Allen Reiser writes a pedagogical column "Sound Thoughts" for
A.P.T.A.'s (Alberta Piano Teachers' Association) quarterly newsletter - "NEWS
AND VIEWS". It is amied at giving teachers hints and pointers about teaching
repertoire. The following is from that column and appeared in the Summer 2007
issue, Vol. XIV #4.
MINIATURE IN C MINOR, OP. 62, No. 15 ...from MINIATURES, OP. 62 - Theodor F. Kirchner
The German organist, pianist, teacher and composer, Theodor Fürchtegott Kirchner (1823 - 1903), is a shadowy figure, prominent in hs day as a member of the Schumann-Brahms circle, but now nearly completely forgotten. Schumann gave Kirchner his generous stamp of endorsement, counting him, along with Brahms, as one of the new crop of talented and up and coming composers. In 1859 Brahms himself wrote his publisher: "I look forward to more new works by Kirchner; please send them to me...." Clara Schumann, pivotal to the Schumann-Brahms axis was particularly fond of Kirchner, and the two appear to have had a discreet romance in the early 1860's (his Preludes, Op. 9, published in 1859 were dedicated to Clara). Yet, her perhaps exasperated summation of him "in his character there is no stability", proved remarkably prophetic. His later marriage failed and, a compulsive gambler, he was bailed out in 1884 by composers Brahms, Gade, Grieg, the pianist Hans von Bülow, and the critic Hanslick, when they raised the large sum of 30,000 marks to pay off his gambling debts. His last years were particularly sad, a series of strokes leaving him paralyzed and eventually blind.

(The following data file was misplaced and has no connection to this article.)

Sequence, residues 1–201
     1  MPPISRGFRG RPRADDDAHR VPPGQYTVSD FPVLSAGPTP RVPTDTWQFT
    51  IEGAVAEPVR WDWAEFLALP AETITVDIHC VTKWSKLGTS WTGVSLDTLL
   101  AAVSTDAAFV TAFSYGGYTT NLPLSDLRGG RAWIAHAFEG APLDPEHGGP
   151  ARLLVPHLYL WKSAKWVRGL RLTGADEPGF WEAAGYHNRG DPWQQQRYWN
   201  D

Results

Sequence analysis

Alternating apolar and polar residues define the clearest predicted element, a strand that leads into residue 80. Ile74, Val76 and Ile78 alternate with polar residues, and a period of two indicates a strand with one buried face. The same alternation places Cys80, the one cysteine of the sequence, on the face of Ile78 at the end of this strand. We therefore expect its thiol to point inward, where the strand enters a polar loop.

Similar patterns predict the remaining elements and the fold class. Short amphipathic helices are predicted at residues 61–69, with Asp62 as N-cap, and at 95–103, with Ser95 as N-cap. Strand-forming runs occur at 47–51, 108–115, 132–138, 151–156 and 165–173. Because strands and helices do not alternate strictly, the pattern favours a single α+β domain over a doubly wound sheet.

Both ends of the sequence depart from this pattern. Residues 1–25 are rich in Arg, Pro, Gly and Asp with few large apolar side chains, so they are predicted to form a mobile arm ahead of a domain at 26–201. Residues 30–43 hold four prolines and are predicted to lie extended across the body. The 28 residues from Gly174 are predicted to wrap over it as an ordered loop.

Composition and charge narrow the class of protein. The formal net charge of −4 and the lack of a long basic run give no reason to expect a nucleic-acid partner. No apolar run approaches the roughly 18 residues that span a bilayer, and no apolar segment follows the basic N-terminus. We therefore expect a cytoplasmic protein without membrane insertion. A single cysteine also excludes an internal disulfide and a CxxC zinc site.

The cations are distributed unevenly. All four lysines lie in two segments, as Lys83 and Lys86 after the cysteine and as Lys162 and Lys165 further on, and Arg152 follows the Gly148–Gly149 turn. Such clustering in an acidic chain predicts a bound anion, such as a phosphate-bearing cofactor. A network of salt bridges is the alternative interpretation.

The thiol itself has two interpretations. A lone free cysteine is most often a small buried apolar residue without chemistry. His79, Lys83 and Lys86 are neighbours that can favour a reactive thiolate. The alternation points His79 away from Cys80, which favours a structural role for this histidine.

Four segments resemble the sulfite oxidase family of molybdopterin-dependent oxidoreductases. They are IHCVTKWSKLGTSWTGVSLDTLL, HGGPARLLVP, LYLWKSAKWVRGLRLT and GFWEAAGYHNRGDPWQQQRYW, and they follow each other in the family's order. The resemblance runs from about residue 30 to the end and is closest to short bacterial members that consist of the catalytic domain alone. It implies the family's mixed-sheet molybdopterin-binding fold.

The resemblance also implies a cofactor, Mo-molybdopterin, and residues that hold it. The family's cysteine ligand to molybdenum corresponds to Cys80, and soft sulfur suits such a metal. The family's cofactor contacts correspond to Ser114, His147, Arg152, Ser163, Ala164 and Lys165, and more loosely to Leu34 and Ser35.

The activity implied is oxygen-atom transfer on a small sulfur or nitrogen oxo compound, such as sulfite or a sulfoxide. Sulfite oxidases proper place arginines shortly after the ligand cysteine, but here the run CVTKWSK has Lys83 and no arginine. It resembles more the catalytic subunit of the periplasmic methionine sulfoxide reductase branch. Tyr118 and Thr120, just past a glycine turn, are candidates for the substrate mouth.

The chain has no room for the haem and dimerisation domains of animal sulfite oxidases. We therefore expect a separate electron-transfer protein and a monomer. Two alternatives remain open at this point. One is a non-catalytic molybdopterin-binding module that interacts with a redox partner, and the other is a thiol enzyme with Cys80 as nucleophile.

Like Chopin and Scriabin, the majority of Kirchner's output (well over 1000 pieces) is for the piano; for the most part small-scale fantasies and character pieces. His style, while distinctive, is highly reminiscent of both Schumann's and Brahms'. Little wonder that in his day, he was considered a leading interpreter of the piano works of both these giants.
Kirchner's Miniatures, Op. 62 are a collection of 15 highly varied and distinctive pieces which are aimed at developing pianists at a level which we would now view as about from grades 5 - 7. These effective works are well worth investigating. While they have a certain comfortable feel about them, they are never predictable, yet neither are their surprising turns of phrase jarring. The last piece of the set, No. 15 in C minor, is listed in the Toronto Conservatory Syllabus at the grade 5 level.
Upon first glance, the visual style of the piece is highly Schumannesque, similar to some of the smaller pieces from his late piano opera. Even in sound there is a strong resemblance. The piece demands of its young players a strong sense of musical sweep, an easy way with rubato, an ability to move quickly from one mood to another as divergent ideas intersect, and a pronounced poetic side.